Last week I saw this statement on a window sticker. Now, I live and work in a military community, so, it is not unusual to see slogans like this on bumpers and windows, but this one struck me as curious. At first, my “hawkish” gut reaction was to say, “Yes! Do all things for the glory of God, including blowing up bad guys!” I also thought about all of the imprecatory psalms and their outright call for the destruction of the enemies of God, and thought that this slogan was remarkably consistent with God’s call to the Israelites to lay to waste all of the cities of Canaan and the other enemies who flaunted their power against the people of God.
Then, I reflected on Christ’s command that we love our enemies and the irony of this statement really struck me. How is it that those who profess Jesus as Lord and Savior can celebrate the destruction of others? Mind you, I am not a pacifist by any stretch of the imagination and I do not believe that God is a pacifist. Jesus made a whip and chased people out of the Temple courts; God is referred to as the Lord of Armies 240 times in the Old Testament and twice in the New Testament writings; and Jesus is depicted returning on a white stallion wielding a great sword to destroy his enemies in the final battle (Revelation 19:11-16). In addition, one of the promises that Christ gives to the faithful church is that we will join him in crushing his enemies (Revelation 2:26-27). There can be no arguing that the God of the Bible is not a God of warfare when it comes to dealing with his enemies.
At the same time, God calls us as believers to be ambassadors of peace. Also, it is impossible to share the gospel with a dead man. Christians, of course, have wrestled with the question of whether they can serve in the Armed Forces for nearly two-thousand years; I am not sure that I add anything original to the conversation. Yet, what do we do with this seeming contradiction. To begin with, God has given the government the power of the sword to punish those who would do evil. Certainly this applies to wicked nations as well as to wicked men. Similarly, we do want godly men and women to serve in the military—we are to be salt in every area of life. Thus, that opens the door to the Christian serving in the Armed Forces. In addition, the Bible does present an argument for righteous anger to be expressed without sin (Ephesians 4:26) as well as a command that God expects believers to work justice in the world around us (Hosea 12:6; Micah 6:8). While working justice in a fallen world can sometimes be worked through diplomacy, often it requires force…and rockets shot downrange.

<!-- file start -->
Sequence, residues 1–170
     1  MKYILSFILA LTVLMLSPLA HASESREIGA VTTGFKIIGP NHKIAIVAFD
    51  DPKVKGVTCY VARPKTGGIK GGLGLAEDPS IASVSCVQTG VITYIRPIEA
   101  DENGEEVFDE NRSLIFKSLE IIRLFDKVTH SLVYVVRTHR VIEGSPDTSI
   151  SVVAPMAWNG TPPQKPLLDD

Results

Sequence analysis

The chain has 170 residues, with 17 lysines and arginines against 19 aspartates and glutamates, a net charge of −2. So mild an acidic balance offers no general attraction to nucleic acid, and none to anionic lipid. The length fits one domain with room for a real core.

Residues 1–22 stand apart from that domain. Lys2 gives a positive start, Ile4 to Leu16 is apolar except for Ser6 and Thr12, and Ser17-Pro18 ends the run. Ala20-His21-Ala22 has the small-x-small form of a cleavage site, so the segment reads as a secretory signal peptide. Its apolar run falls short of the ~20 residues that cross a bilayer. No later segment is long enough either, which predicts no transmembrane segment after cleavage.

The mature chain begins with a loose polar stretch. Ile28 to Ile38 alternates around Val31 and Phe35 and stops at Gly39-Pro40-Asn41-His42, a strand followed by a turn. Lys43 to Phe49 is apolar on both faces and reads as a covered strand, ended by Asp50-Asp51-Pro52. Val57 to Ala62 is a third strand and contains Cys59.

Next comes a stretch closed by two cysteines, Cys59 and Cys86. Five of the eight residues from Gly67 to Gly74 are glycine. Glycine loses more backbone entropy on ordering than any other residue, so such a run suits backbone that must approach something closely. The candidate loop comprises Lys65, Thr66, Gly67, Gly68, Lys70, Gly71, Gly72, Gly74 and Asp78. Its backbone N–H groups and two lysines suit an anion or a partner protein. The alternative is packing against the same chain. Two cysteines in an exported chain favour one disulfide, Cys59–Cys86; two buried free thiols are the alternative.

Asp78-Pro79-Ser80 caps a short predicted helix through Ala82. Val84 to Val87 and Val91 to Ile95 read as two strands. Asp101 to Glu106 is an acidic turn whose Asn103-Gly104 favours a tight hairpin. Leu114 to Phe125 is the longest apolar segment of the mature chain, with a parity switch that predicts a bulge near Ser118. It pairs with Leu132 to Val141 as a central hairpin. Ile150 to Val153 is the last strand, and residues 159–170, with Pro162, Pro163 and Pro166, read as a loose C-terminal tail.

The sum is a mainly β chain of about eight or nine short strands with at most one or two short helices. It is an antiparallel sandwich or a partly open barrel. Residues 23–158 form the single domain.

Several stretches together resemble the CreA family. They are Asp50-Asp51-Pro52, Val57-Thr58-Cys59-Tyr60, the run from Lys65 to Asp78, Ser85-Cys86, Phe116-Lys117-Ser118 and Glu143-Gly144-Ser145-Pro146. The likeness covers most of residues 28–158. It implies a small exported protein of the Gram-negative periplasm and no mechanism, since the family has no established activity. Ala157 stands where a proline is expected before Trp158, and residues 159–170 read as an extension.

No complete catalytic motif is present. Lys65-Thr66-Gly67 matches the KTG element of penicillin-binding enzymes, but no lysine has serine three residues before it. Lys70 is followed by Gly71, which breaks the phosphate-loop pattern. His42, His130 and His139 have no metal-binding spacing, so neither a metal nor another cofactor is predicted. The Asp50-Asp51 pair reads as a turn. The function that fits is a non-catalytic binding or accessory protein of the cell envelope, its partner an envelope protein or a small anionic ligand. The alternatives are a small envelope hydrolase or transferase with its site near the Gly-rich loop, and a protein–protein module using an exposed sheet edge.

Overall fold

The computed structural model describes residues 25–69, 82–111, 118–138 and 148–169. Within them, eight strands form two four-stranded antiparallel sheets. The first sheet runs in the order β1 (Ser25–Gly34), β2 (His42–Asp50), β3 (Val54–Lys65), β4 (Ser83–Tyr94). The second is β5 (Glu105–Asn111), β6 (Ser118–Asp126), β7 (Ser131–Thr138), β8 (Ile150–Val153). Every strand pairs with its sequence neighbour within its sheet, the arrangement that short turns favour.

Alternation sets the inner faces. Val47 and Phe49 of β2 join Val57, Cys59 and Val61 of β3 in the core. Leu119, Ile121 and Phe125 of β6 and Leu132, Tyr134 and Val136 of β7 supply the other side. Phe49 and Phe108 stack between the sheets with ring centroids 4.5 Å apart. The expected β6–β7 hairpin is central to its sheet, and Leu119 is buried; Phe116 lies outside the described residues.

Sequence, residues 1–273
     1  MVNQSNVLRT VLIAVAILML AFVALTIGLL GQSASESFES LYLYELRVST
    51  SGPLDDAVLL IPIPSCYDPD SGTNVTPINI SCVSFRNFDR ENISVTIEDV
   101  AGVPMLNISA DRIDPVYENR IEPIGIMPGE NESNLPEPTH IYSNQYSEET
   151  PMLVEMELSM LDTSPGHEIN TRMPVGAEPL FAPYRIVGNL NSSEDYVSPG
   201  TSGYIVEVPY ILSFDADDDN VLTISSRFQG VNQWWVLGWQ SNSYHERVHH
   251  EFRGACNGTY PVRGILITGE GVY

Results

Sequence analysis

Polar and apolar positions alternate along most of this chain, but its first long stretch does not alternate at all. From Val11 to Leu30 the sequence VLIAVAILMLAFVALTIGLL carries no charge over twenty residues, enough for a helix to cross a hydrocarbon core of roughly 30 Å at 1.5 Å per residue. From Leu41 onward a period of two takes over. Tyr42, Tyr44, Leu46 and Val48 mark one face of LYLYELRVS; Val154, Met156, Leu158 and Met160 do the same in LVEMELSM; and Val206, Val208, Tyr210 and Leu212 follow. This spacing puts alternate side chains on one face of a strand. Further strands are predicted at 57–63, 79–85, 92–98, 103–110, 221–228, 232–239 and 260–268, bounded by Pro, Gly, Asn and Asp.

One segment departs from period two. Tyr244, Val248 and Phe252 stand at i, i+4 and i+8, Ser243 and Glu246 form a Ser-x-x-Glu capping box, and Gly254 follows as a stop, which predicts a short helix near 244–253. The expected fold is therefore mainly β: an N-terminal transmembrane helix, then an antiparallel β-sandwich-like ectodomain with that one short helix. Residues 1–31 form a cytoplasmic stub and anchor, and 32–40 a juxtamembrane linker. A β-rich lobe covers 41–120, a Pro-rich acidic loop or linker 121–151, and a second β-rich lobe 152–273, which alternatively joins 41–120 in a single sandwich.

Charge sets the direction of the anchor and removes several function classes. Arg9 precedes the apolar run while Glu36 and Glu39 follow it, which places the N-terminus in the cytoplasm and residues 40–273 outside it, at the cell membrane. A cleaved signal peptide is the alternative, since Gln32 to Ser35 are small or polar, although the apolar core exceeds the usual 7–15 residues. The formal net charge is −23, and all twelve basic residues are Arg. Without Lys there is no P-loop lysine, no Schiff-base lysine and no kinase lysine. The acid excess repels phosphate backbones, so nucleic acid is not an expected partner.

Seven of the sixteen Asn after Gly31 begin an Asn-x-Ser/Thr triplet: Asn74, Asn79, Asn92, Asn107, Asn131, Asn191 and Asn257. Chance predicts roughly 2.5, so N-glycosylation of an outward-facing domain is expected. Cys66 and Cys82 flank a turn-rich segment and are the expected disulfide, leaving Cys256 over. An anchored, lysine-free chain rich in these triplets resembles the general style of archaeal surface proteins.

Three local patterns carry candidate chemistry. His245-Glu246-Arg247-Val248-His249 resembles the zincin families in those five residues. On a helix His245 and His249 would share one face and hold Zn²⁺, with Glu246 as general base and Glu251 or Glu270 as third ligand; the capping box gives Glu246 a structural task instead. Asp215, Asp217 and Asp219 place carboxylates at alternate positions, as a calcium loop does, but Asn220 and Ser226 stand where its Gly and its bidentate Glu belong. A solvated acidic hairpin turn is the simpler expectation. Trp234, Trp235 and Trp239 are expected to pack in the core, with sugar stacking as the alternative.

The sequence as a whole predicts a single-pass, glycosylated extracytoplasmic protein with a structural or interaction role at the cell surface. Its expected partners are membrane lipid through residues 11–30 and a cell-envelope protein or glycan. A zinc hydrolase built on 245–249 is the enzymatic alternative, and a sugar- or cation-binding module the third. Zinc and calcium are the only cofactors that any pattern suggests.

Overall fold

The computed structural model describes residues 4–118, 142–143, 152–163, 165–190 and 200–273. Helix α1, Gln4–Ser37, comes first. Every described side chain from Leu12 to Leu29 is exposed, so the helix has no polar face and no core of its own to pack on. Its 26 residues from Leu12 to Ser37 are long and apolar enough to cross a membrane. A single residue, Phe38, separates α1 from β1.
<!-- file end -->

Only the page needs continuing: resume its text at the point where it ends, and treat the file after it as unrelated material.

Which brings us back to where we began. As Christians we hold to what we call a Doctrine of Vocation. Essentially that means that whatever your profession happens to be, from the pastor to the soldier to the mechanic to the lawyer to the politician and to the trash collector, you have been called by God to serve in that profession and thus should do so to the best of your ability and to the glory of God. In short, that means, if your job as a soldier is to send rockets downrange to blow up things, then you ought to do so to the best of your ability and give glory to God in the process. Indeed, Rockets Downrange for Jesus is a sign that a soldier understands that all the things we do is to be done to the glory of God (1 Corinthians 10:31). Sadly, in a fallen world, such rockets are sometimes necessary, may they be shot well.
One final note…there is a better solution than rockets when it comes to the wickedness of man in the world around us…and that better solution is the Gospel of Jesus Christ lived out in Truth and in Love. But until that day when every knee will bow and every tongue confess that Jesus Christ is Lord, there will be evil men and evil governments that civil authorities will be forced to contend with, and like the soldier, it is expected that they, too, do so to the glory of God on High.